Russian Federation has committed an attack that resulted in the death of a Briton, defense minister Gavin Williamson said on Monday, linking Russian Federation to the incident after a 44 year-old woman who was poisoned by nerve agent Novichok died.
Britain maintains the March attack on the Skripals had been ordered by the Russian government, a charge denied by representatives of Russian President Vladimir Putin.
Ms Sturgess died on Sunday evening, while Mr Rowley is still being treated in hospital.
British Prime Minister Theresa May said she was "appalled and shocked" by Sturgess' death, and Home Secretary Sajid Javid said he was "determined" to catch the killers.
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Britain has openly accused Russian Federation of being responsible for poisoning the Skripals with Novichok, a family of advanced nerve agents developed by the Soviet Union in the 1970 and 1980s.
"Our thoughts are also with the people of Salisbury and Amesbury and the Home Secretary will make a statement shortly including on the support we will continue to provide to the local community throughout this hard time".
He said public health advice was "not to pick up any odd items such as needles, syringes or unusual containers". Officials said they had come into contact with the deadly nerve agent Novichok, which was manufactured in the Soviet Union during the Cold War.
Detectives are working to identify the source of the contamination, police said, but a source has not yet been established.
Local MP John Glen said the local community was "anxious" after police opened a murder inquiry, although health officials have said the danger to the general public is low.
London's Metropolitan Police force said detectives had become a homicide investigation with 44-year-old Dawn Sturgess's death at a hospital in Salisbury.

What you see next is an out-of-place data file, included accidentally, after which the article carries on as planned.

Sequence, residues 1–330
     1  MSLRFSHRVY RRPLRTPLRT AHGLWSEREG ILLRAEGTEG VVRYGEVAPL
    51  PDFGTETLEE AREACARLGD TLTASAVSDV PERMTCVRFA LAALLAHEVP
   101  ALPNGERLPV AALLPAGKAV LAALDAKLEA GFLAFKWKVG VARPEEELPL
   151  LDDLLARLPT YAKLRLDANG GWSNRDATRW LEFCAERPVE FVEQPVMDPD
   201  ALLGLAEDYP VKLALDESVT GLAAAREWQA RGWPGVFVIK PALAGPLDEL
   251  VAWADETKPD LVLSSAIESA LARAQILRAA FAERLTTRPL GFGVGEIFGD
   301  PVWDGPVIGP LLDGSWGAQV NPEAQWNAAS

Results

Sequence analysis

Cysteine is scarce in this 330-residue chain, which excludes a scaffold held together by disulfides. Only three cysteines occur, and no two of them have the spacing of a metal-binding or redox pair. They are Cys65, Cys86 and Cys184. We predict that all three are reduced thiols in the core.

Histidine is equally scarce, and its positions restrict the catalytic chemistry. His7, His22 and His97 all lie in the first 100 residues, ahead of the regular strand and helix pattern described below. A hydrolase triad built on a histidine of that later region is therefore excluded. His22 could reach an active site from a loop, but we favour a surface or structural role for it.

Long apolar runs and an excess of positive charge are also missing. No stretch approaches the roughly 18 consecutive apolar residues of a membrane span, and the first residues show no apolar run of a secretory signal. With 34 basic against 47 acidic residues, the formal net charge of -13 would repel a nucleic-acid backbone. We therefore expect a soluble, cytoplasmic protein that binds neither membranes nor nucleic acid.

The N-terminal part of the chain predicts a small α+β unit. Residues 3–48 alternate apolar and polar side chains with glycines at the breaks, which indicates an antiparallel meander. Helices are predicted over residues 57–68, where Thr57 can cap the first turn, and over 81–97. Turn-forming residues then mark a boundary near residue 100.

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Police are continuing to hunt for a contaminated container which they believe was handled by the pair.
Kier Pritchard, head of the county police force in Wiltshire, acknowledged that Sturgess's death "is likely to raise the level of concern in Amesbury and Salisbury".
Not publicly. Police say their "complex" investigation remains ongoing.
It was not until the Wednesday, however, that the government's Defence Science and Technology Laboratory at Porton Down confirmed their exposure to Novichok.
"There can be no doubt what was used and there remains no alternative explanation about who was responsible - only Russian Federation has the means, motive and record", Boris Johnson, Britain's Foreign Affairs Secretary, said in a statement then.
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In this regard, the PML-N has asked different wings of the party to bring maximum people to the Lahore airport on July 13. Supreme leader Nawaz Sharif has said he is coming back to save Pakistan from conspirators.